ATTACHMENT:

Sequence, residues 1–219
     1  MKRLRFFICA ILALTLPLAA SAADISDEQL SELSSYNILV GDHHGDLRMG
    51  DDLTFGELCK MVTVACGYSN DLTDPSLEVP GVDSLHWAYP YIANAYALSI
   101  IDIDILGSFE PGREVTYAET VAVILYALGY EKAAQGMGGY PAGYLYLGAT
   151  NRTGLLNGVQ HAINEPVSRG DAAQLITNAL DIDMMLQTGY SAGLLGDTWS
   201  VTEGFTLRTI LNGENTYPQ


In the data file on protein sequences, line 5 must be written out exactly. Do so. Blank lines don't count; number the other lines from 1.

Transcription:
   151  NRTGLLNGVQ HAINEPVSRG DAAQLITNAL DIDMMLQTGY SAGLLGDTWS